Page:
I am always looking for new ways to improve my Emacs experience. Months ago, it happened to my spell-checking configuration thanks to the work of Nicolas Petton.
(defvar mu-languages-ring nil "Languages ring for Ispell") (let ((languages '("en_GB" "it_IT"))) (validate-setq mu-languages-ring (make-ring (length languages))) (dolist (elem languages) (ring-insert mu-languages-ring elem))) (defun mu-cycle-ispell-languages () (interactive) (let ((language (ring-ref mu-languages-ring -1))) (ring-insert mu-languages-ring language) (ispell-change-dictionary language)))
This handy code lets me cycle quickly through the languages I need in Flyspell. However, wouldn’t it be easier if Emacs was capable of automatic language detection?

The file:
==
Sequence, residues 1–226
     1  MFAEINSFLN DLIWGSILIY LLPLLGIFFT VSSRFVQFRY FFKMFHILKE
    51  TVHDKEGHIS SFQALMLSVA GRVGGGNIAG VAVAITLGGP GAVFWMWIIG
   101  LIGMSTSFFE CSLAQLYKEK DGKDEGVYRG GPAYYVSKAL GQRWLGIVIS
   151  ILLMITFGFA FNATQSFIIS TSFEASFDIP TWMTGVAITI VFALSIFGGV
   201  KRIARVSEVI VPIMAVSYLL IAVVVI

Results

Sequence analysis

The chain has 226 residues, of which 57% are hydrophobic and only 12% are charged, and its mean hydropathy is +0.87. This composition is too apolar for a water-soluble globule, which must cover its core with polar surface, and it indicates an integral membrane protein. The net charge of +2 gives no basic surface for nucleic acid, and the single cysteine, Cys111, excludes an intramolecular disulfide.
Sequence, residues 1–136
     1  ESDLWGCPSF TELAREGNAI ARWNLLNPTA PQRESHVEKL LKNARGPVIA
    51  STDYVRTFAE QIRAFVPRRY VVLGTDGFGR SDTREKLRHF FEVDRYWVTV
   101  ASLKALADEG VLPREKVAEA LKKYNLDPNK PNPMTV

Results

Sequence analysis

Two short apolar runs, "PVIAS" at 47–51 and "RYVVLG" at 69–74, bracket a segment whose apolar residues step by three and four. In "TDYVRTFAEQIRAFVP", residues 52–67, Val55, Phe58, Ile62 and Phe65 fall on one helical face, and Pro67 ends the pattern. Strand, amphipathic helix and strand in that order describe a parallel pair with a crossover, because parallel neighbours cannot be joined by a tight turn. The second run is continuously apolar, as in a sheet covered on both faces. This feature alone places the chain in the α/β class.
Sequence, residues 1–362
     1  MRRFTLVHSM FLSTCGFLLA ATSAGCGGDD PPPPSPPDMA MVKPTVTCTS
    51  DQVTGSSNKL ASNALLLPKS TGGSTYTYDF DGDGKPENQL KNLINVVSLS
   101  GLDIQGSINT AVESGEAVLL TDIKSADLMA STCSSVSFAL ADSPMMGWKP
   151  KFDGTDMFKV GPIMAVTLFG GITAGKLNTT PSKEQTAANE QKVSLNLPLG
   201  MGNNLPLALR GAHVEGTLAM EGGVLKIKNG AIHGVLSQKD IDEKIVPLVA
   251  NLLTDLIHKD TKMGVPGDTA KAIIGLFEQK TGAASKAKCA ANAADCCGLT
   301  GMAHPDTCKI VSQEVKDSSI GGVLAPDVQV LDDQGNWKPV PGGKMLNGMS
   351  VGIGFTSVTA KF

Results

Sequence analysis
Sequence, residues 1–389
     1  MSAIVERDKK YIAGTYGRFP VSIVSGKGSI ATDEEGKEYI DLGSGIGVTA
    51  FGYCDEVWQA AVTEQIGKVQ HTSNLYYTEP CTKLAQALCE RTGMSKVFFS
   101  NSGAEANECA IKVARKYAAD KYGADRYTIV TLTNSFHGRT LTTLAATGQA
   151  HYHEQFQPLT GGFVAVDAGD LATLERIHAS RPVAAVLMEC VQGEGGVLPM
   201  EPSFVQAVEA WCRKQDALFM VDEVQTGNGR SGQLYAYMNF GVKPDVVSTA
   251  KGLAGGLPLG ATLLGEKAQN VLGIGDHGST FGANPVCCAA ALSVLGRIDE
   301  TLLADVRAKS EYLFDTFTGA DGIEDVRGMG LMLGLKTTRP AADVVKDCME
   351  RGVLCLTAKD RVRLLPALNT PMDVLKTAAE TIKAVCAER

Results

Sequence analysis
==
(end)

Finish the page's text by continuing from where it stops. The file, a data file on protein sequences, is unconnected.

That’s the hole the guess-language package fills.
(use-package guess-language ; Automatically detect language for Flyspell :ensure t :defer t :init (add-hook 'text-mode-hook #'guess-language-mode) :config (setq guess-language-langcodes '((en . ("en_GB" "English")) (it . ("it_IT" "Italian"))) guess-language-languages '(en it) guess-language-min-paragraph-length 45) :diminish guess-language-mode)
Notice how I set
guess-language-langcodes. It has to be set this way to make
guess-language work with my setup for Hunspell.
Support for different languages and language detection for multiple languages in
the same document are provided out of the box.
guess-language is still young,
but it’s already making spell-checking in Emacs so much easier.